Athlete Journal: Julie Warren, Entry 13 – The LA Marathon

Last weekend was the LA Marathon and it was the most enjoyable race I’ve done in a long time, if not ever. I set a PR for the course and met all the goals I had hoped to achieve.

EDITOR’S NOTE: Along with Andrew Read and Narisa Wild, Julie Warren will be sharing her training experiences for upcoming endurance challenges. Follow Julie as she prepares for her next adventure – the Great Wall of China Marathon! Julie’s journals will be posted on Saturdays.

Athlete Journal: Julie Warren, Entry 13 – The LA Marathon

I don’t know that I’ve ever enjoyed a race as much as I enjoyed the Los Angeles Marathon this past weekend. When you think about it, that’s a pretty bold statement. Running 26.2 miles is not supposed to be ‘enjoyable,’ but this really was! I went into this race with precious few expectations. My only performance goals were:

  1. Run a comfortable race.
  2. Get an understanding of where I stand as I prepare for the Great Wall marathon.
  3. Not reignite the plantar fasciitis fire in my foot.

Long story short, I successfully accomplished all of these goals.

You’ll note there were no time goals, no pace goals, nothing of the sort. That’s a really difficult mentality for me to bring to a race. I didn’t even wear a watch. I only wanted to run as I felt I could in the moment. I ran the race with my sister, whose marathon PR is within a minute of mine, so we are a good running duo, even if we train in totally different ways and geographic locations. We agreed we just wanted to run the race together and have fun while seeing how well we could do, since last year we ran it together on a whim, sans training. Yes, terrible plan. I do not endorse that method whatsoever.

I did, of course, have the benefit of running this race at sea level, while having been living and training at 6500ft+ for the past six months. Needless to say, the lungs were never an issue. One issue that surprised me though was how much my knees hurt immediately after the race. I didn’t think about it, but nearly all of my training has been on trails. I mean, why run on city roads if you can run on gorgeous trails away from everything? Oh, because if you are training for a race on pavement, and you never actually train on pavement, you’re going to feel it post-race, if not sooner. I will definitely be reluctantly incorporating more hard-surface training into my weekly runs.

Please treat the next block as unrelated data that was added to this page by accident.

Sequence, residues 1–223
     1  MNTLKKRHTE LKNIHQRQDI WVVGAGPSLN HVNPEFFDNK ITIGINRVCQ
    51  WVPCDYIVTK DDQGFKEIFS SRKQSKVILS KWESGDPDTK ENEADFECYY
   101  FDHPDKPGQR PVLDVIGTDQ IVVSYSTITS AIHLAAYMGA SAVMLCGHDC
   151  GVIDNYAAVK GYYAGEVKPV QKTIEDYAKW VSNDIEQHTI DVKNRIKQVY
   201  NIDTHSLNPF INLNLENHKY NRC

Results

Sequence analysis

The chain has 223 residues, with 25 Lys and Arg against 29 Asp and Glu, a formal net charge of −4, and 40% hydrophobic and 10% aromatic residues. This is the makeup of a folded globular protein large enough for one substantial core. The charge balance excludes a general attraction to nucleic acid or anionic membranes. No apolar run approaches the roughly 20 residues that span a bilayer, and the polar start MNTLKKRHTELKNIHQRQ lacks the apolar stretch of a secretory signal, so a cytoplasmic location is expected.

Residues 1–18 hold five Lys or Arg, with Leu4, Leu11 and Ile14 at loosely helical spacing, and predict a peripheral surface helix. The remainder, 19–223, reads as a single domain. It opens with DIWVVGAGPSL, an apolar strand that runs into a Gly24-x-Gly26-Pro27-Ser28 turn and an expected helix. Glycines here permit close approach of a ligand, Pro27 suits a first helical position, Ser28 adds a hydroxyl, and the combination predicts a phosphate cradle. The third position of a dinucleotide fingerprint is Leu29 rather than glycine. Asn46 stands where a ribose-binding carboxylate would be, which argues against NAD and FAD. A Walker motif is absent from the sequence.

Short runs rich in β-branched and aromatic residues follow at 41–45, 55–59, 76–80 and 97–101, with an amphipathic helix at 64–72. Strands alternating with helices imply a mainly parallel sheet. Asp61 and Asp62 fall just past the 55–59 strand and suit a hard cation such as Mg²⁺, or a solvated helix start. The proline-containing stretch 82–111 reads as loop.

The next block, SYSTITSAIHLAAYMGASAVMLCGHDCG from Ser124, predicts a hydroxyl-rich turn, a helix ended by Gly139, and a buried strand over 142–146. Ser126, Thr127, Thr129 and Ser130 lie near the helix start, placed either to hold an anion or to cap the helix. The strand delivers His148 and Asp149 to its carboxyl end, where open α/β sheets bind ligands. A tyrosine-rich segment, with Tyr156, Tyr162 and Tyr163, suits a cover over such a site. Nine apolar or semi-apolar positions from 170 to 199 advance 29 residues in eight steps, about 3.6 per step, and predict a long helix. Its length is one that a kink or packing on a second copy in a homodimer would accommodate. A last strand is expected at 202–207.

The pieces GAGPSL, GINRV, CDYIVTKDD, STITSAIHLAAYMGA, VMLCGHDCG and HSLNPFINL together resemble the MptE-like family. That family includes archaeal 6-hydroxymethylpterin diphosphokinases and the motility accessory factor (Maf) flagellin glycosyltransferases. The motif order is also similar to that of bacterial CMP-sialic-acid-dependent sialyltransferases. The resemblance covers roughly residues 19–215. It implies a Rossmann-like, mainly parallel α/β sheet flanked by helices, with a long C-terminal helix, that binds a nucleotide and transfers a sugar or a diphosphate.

Another issue that became apparent was nutrition. I still need to dial in what I’m going to consume the evening prior to the race, as well as race morning. I never had any sort of gastro disaster, but I did have to deal with a rather uncomfortable stomach for the first eight miles. I also relied on the on-course water and electrolytes, which might have been a mistake. I train using NUUN electrolyte supplements in my water, but the on-course electrolyte drink was different and tasted kind of sugary. As a result, miles 20 – 26.2 resulted in some moments where I quickly scanned for porta-potties, just in case the situation escalated. As far as taking in calories, water, and electrolytes during the race, I felt like I did a pretty good job of staying on top of all that. If I can just get my pre-race meals locked-in, and not make silly on-course electrolyte drink mistakes, I should be in good shape.

Those are the big changes I feel I need to make in the next nine weeks to prepare for the Great Wall marathon. In my honest opinion, those seem like fairly small tweaks. Prior to the race, I had some legitimate concerns about how prepared I really was for a marathon. I had only been running ‘long’ every other week, and my only long runs over a half marathon distance were a 17 mile and 18 mile. The rest of my training was banking fairly heavily on my CrossFit and CrossFit Endurance workouts. To be completely honest, there were some moments around miles 21 and 22 that I felt pretty awful. I don’t think that was my training failing me, but rather just a mental moment I had to struggle through. In fact, I rebounded around mile 23, feeling pretty fantastic, and according to my sister’s GPS watch we cruised the final two miles of the race at a sub-7min/mi pace. Not shabby after running for 3.5 hours!

I won’t bore you with all the mile-by-mile details, but I will tell you when it comes to my goals for the 2013 LA Marathon, I definitely accomplished them! I ran a very sound race, finishing in a respectable 3 hrs and 53 min. It’s not a personal PR, but a PR for the course, so I’m happy. I also know exactly where I stand just nine weeks out from the Great Wall marathon and what adjustments I need to make to my training and nutrition. And most importantly, I woke up the following morning with zero soreness and never gave plantar fasciitis a moment’s thought, because it didn’t show it’s face! All around, a very wonderful and successful race weekend!